A peaceful Middle East is not only important to United States national economic interests, Lyons said, it is also the best protection the country has against terrorism.
The current state of world opinion on the United States "in essence could fuel anti-Americanism that underlies terrorism," Peterson said.
With continued military action in Iraq, Lyons said, an increase in terrorist activity might be seen.
"Our military action could, at least in the short term, greatly heighten terrorist acts against the United States," he said. "[The United States] is going to make enemies. There's no question about it, and it's entirely possible that there will be serious, serious terrorist retaliation against the United States and terrorist retaliation against Israel.
"It's possible Saddam Hussein will attack Israel, maybe with biological weapons," Lyons said. "There are many, many things that could go wrong as a result of the war."
Lyons said one major consequence of the war could be Tony Blair being replaced as the prime minister of Great Britain.
"A lot of students say, 'Yeah, so what?'" he said. "He is a brilliant leader for Great Britain. It would be terribly unfortunate for the nation of Britain to lose Tony Blair."
Britain has been a very important ally for the United States and has been integral to trade relationships that support the national economy, Lyons said.
"If the rest of the world is a peaceful place. The United States prospers," he said. "The more conflict there is abroad, the more damaging that is to our national economy in the most subtle ways."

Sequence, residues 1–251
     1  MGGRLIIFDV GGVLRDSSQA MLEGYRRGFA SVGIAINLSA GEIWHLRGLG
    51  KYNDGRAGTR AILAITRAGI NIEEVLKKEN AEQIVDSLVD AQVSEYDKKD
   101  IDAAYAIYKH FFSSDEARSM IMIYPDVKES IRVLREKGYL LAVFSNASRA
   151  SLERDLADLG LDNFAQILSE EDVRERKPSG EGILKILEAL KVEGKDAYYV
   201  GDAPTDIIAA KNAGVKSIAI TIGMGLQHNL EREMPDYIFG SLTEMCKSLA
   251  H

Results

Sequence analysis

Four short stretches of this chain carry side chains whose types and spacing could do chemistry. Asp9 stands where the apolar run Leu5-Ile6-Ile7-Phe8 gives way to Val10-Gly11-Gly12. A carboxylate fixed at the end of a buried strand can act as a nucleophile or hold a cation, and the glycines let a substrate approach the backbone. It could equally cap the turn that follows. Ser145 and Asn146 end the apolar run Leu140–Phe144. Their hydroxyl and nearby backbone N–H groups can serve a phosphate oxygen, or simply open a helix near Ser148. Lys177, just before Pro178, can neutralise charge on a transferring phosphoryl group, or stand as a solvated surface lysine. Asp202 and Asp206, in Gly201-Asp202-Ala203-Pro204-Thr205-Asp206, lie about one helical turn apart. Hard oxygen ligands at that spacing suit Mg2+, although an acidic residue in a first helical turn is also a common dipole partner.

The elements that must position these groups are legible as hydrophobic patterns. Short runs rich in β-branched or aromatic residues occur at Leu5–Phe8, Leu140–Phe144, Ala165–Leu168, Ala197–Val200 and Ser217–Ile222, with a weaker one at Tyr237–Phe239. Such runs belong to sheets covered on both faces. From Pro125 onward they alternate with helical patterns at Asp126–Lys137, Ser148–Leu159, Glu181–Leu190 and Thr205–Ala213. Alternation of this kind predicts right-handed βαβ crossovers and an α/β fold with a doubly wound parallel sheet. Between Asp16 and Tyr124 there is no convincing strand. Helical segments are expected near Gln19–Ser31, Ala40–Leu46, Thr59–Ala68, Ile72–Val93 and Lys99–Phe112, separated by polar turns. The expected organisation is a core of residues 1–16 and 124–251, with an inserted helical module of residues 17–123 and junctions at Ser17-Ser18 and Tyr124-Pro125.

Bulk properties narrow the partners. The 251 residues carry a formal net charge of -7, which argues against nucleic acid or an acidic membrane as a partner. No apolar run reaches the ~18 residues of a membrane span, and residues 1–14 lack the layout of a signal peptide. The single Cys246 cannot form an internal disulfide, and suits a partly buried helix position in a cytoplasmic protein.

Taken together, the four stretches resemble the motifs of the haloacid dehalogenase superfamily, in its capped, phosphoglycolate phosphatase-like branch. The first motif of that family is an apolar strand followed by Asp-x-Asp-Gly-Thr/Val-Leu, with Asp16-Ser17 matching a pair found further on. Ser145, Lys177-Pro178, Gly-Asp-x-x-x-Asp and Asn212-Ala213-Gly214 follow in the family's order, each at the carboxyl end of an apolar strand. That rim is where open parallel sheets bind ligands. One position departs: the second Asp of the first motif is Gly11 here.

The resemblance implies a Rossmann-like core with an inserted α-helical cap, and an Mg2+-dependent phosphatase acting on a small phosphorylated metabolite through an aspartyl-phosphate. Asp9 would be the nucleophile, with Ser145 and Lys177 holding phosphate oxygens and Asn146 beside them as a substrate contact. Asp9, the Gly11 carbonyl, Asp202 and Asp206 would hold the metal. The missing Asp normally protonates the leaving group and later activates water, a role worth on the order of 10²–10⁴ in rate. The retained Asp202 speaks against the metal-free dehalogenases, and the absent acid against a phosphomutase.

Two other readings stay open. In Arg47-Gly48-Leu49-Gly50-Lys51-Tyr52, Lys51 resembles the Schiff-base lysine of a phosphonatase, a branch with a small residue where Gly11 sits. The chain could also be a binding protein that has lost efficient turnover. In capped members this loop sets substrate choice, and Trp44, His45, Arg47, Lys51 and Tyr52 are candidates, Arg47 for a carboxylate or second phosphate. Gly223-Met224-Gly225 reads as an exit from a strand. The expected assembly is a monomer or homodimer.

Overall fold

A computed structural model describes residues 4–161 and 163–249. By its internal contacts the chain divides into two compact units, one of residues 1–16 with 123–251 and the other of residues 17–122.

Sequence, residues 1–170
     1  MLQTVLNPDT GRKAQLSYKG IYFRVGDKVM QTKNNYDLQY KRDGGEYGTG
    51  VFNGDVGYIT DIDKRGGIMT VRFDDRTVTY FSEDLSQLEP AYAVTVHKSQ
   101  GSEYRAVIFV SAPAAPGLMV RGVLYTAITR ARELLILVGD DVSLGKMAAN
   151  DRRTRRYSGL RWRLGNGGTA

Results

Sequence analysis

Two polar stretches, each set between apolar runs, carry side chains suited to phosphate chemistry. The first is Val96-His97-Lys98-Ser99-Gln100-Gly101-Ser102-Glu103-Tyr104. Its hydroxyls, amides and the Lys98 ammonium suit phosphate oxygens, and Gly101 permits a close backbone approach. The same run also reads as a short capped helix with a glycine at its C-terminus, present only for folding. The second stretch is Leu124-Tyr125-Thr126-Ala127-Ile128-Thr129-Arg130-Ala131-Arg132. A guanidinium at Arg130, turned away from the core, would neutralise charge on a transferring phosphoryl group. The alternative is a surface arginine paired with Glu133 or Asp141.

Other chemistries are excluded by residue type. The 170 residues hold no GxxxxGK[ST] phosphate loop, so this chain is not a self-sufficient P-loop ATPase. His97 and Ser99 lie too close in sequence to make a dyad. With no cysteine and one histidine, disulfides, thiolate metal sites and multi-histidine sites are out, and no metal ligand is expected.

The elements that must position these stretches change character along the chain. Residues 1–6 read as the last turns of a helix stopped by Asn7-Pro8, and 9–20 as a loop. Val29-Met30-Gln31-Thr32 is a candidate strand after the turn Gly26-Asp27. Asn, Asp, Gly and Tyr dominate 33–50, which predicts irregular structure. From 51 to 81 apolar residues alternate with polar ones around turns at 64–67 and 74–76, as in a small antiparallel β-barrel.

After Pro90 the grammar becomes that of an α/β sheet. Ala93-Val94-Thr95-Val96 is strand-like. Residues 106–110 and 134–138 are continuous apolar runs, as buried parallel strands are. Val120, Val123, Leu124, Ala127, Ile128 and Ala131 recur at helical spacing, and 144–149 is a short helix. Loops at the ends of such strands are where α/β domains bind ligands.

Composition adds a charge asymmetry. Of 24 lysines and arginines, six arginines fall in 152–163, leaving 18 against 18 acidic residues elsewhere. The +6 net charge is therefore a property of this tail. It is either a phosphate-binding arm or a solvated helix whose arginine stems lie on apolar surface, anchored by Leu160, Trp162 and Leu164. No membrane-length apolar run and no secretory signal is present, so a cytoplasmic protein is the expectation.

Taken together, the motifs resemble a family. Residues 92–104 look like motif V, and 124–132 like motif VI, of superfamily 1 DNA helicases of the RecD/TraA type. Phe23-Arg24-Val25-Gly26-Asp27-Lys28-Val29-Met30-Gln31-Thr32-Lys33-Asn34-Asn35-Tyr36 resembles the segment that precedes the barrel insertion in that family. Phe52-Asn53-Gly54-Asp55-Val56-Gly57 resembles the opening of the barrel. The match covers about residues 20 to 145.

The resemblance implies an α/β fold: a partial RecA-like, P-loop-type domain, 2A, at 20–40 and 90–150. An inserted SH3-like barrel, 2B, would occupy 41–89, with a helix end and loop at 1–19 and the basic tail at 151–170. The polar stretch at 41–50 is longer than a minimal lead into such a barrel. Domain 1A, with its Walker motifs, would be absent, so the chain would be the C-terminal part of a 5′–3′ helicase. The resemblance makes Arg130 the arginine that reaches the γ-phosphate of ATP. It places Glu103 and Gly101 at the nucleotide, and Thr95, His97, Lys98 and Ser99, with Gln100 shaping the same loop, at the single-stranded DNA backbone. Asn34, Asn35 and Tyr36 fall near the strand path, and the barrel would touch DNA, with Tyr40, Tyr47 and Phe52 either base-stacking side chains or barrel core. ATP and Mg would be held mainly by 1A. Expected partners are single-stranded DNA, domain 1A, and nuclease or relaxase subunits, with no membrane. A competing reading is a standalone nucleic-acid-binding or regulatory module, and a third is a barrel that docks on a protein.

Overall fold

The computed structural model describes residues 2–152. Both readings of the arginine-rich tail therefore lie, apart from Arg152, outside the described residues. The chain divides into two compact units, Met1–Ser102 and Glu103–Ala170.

Lyons said students will probably not see the results of war in the next two to five years.
"They may see stability in the Middle East," Lyons said. "There's a tremendous amount of uncertainty here."
Lyons said students and Americans in general will feel the burden of war economically.
"That military operation is going to be very expensive," Lyons said. "It's not $50 billion coming out of thin air."
The cost of the war will come from what would have otherwise been tax cuts, Lyons said.
"We're talking about potentially significant tax cuts that are not going to be implemented," he said. "That's a huge chunk of money that we could be spending on something else like education or health care."
Another way local residents will see the effects of the war is through oil prices.
"If the war goes well, oil prices will settle down to lower prices, and they'll stay there," Lyons said. "If things go bad, oil prices could jump much higher than they are now."
The national economy is not strong right now, Lyons said. If the United States has to spend a great deal of money occupying Iraq, it's going to be a drain on the national economy.
"It may not seem like that much, but if you pull $50 billion out of the United States to spend on the military occupation of Iraq, that really hurts the national economy," he said. "It means people earn less. It could be much worse than that."
By Tyler Riggs; firstname.lastname@example.org